The Franklin Institute Logo
Case Files logo

Elmer Sperry: Gyroscopic Compass, 1914


Precession is the motion of the axis of a spinning body that results when there is an external force acting on that axis. The phenomenon finds its roots in the first law of Newtonian Physics, which states that a body in motion continues to move at a constant speed along a straight line unless it is acted upon by an outside, unbalanced force.

Precession was a concept basic to the invention of the gyrostabilizer, which Sperry initially created when he began his attempt to apply the gyro to useful purposes. He used this device to stabilize first automobiles, and later ships. He pointed out that rigidly mounted wheels did not stabilize automobiles, nor did rigidly mounted turbines succeed in reducing the roll of ships. Sperry explained that their rigid mountings prevented the wheels and turbines from moving in response to outside forces, and thus absorbing the disturbing energy of those outside forces. In short, the rigid mountings prevented the revolving masses from precessing. In explaining his devices, Sperry often had to define this concept of "precession." One of his clearest definitions went as follows:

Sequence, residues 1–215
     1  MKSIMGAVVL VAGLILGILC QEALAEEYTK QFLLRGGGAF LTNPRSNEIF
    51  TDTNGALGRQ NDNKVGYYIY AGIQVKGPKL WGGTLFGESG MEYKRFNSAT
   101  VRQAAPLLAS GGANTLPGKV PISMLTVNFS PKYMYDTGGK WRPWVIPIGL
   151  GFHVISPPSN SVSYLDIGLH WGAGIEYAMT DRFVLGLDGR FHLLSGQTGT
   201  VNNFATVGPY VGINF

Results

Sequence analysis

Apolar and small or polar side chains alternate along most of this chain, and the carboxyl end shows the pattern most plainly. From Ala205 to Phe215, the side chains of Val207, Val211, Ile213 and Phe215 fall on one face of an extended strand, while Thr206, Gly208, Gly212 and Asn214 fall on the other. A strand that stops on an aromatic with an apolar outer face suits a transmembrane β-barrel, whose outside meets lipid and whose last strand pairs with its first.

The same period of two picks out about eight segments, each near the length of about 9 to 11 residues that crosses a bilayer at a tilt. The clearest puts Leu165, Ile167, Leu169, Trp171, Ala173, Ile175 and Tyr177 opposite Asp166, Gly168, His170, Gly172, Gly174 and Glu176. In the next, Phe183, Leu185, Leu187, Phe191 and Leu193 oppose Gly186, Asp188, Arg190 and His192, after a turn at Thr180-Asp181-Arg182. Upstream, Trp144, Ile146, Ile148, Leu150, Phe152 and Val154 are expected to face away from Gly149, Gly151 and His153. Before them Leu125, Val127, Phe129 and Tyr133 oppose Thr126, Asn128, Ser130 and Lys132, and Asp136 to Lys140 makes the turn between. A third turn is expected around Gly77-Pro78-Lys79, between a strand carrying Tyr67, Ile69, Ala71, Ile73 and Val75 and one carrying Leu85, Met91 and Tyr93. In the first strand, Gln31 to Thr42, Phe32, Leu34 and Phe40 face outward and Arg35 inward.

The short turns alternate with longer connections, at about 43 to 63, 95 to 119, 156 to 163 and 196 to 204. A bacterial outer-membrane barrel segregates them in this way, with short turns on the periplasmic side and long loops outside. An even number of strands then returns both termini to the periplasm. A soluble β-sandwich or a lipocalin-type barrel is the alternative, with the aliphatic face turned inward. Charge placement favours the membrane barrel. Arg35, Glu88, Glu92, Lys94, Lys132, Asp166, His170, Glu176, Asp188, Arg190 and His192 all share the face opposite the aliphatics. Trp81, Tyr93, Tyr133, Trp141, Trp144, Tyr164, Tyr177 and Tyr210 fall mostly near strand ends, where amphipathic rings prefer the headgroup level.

"If I impress a force on one end of the axis of a gyroscope it will resist this impressed force but will turn in a direction at right angles to the force impressed. This motion at right angles to the impressed forces is called "precession." It will be observed that the gyroscope does not resist any forces impressed by linear motion; nothing but angular motion causes precession, and nothing but the forces impressed by angular motion are resisted. This angular motion may be about a point within the gyro or a point at any distance from the gyro, but must be angular motion."